Parenting Through Tragedy

I had the opportunity last week to attend a workshop at my daughters’ school about talking with kids about tragedy in the world and its portrayal in the news.

I chose not to go; convinced my husband and I were already doing a fine job protecting our daughters from the onslaught of media attention surrounding national tragedies and processing our own emotions so they didn’t come out sideways with our kids.

I was confident we had this parenting topic nailed. At least for now. And what were the chances anything would come up again soon?

I got a pedicure instead.

Photo via Good.is

Photo via Good.is

On Monday afternoon when I picked up our daughter, Rhys, from preschool, I was prepared to be a responsible, loving parent. Or so I thought. After tucking her safely into her car seat and listening attentively to the details of her day, I flipped on the radio and was horrified and riveted to hear about the Boston Marathon tragedy.

I listened for a few minutes, praying my daughter wasn’t paying attention, but too caught up in my own emotions and morbid (albeit human) fascination to care. Finally, I shut off the radio and turned to check on my daughter.

She was attentively feeding Goldfish crackers to her stuffed animal, Knufflebunny, and appeared happily ensconced in her own little world. Relieved she was blissfully unaware, we went about our errands. I swallowed the pit in my stomach and resisted my visceral need for information, knowing I’d have time later at home to devour the media coverage surrounding this tragedy.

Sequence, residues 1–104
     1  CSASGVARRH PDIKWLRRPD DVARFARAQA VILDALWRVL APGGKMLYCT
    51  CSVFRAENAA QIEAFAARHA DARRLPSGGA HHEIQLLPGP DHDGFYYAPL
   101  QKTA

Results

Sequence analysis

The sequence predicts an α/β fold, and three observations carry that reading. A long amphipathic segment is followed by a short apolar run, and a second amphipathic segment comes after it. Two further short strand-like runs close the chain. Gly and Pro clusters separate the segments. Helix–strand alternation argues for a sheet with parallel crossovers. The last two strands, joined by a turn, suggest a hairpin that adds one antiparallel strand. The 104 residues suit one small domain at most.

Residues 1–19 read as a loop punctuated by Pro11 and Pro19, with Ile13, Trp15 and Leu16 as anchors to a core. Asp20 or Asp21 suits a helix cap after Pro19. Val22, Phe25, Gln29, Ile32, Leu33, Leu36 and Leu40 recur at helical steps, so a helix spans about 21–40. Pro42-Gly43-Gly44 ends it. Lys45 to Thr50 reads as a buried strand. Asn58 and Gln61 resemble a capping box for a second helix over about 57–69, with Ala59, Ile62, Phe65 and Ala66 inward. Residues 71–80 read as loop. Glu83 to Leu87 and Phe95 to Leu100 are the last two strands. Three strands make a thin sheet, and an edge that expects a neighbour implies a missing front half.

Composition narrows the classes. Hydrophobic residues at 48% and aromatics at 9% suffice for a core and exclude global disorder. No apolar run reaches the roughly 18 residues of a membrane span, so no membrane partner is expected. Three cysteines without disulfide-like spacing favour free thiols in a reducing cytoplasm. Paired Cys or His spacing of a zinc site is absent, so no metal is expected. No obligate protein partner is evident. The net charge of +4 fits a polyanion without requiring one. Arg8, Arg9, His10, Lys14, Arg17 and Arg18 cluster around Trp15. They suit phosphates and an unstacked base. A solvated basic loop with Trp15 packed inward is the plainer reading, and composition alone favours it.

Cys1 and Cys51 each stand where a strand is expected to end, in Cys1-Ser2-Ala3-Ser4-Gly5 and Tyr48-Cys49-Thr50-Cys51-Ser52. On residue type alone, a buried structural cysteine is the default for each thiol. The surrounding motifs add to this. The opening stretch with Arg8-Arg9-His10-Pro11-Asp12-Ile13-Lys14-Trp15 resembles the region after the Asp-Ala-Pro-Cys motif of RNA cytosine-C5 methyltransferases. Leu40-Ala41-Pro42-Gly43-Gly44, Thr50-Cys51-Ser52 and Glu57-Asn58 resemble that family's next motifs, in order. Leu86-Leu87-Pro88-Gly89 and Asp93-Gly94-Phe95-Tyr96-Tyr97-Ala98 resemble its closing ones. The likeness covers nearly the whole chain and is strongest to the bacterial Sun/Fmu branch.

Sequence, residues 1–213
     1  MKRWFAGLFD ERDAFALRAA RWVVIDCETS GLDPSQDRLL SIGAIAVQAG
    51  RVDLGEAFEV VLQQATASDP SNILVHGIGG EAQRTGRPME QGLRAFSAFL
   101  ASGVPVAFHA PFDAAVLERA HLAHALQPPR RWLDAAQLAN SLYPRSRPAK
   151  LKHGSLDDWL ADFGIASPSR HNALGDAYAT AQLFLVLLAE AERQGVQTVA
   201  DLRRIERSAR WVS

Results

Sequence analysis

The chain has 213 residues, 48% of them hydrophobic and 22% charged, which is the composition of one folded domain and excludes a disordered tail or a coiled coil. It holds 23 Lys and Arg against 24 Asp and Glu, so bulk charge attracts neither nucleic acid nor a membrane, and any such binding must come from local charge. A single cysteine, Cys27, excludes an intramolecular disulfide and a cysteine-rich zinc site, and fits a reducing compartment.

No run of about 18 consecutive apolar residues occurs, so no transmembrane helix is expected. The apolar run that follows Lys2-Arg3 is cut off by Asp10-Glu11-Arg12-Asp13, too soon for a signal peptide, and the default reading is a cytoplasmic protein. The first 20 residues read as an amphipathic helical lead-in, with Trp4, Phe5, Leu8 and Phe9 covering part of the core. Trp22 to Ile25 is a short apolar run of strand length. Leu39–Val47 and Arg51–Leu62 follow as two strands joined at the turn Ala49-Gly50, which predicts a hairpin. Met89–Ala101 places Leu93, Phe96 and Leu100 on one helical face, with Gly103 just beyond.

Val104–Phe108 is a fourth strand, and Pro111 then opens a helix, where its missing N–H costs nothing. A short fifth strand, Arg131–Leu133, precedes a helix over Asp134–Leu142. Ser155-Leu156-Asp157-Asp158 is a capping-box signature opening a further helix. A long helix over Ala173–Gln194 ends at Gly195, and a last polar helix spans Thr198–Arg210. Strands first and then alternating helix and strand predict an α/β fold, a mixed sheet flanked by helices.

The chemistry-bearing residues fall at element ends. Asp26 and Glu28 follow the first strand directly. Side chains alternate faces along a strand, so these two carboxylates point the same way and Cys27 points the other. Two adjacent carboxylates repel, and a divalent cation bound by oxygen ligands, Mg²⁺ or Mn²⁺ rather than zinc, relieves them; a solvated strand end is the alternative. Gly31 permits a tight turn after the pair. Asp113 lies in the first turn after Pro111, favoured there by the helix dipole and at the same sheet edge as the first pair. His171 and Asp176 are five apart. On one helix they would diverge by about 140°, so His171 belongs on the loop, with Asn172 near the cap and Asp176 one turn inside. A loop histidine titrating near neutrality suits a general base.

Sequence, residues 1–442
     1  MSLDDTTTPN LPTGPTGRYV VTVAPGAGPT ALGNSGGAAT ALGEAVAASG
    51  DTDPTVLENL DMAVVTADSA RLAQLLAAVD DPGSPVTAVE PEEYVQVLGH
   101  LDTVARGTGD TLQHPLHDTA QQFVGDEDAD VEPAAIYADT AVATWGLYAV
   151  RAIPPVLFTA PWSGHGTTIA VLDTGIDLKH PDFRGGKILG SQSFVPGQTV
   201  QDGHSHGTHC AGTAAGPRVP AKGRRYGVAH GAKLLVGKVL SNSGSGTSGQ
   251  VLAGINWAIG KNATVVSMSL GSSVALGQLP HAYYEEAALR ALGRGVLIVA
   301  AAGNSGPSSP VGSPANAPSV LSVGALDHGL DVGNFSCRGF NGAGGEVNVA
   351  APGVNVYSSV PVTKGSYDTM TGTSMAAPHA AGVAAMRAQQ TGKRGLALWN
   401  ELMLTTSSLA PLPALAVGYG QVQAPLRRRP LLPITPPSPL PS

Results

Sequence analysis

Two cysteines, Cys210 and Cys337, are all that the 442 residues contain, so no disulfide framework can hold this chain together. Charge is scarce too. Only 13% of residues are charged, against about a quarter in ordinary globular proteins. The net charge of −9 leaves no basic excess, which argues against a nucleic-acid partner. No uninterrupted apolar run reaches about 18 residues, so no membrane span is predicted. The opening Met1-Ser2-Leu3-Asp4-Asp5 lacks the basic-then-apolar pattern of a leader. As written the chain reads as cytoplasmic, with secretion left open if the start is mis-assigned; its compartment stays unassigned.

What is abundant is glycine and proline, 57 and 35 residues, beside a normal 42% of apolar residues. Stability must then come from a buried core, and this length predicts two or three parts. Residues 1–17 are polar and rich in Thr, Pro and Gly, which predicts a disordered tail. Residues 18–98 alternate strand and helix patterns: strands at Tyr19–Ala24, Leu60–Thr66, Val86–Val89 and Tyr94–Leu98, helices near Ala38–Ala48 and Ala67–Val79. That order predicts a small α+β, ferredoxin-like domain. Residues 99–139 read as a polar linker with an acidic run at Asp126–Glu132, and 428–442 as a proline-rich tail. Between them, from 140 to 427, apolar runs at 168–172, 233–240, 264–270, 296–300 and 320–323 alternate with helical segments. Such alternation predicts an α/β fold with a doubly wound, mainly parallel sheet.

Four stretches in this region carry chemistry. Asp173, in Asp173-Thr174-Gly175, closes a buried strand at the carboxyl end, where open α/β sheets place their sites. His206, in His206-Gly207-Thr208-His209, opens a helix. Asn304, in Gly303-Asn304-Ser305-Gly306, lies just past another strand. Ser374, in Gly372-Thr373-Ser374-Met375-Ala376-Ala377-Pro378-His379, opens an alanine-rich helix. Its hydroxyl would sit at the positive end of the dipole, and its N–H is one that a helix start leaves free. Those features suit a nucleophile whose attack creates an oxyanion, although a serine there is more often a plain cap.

When we picked up my older daughter, Ava, an hour later, she bounded to the car and eagerly spilled her news, “Mom, mom, did you hear about Boston? School was so scary today.”

Surprised and concerned, I encouraged her to tell me what happened, but urged her not to mention any details in front of Rhys.

“Mom, we heard about the bombings and all the people that got hurt. What happened? Will you tell me what you know?” she asked.

“NO. Not now,” I snapped. “I don’t want to talk about this in front of Rhys. Tell me what happened in school, but don’t mention the b-o-m-b-s.”

Ava’s precious little face fell at my scolding. I was peripherally aware of my hypocrisy, but more willing to try to control Ava’s need for information than my own.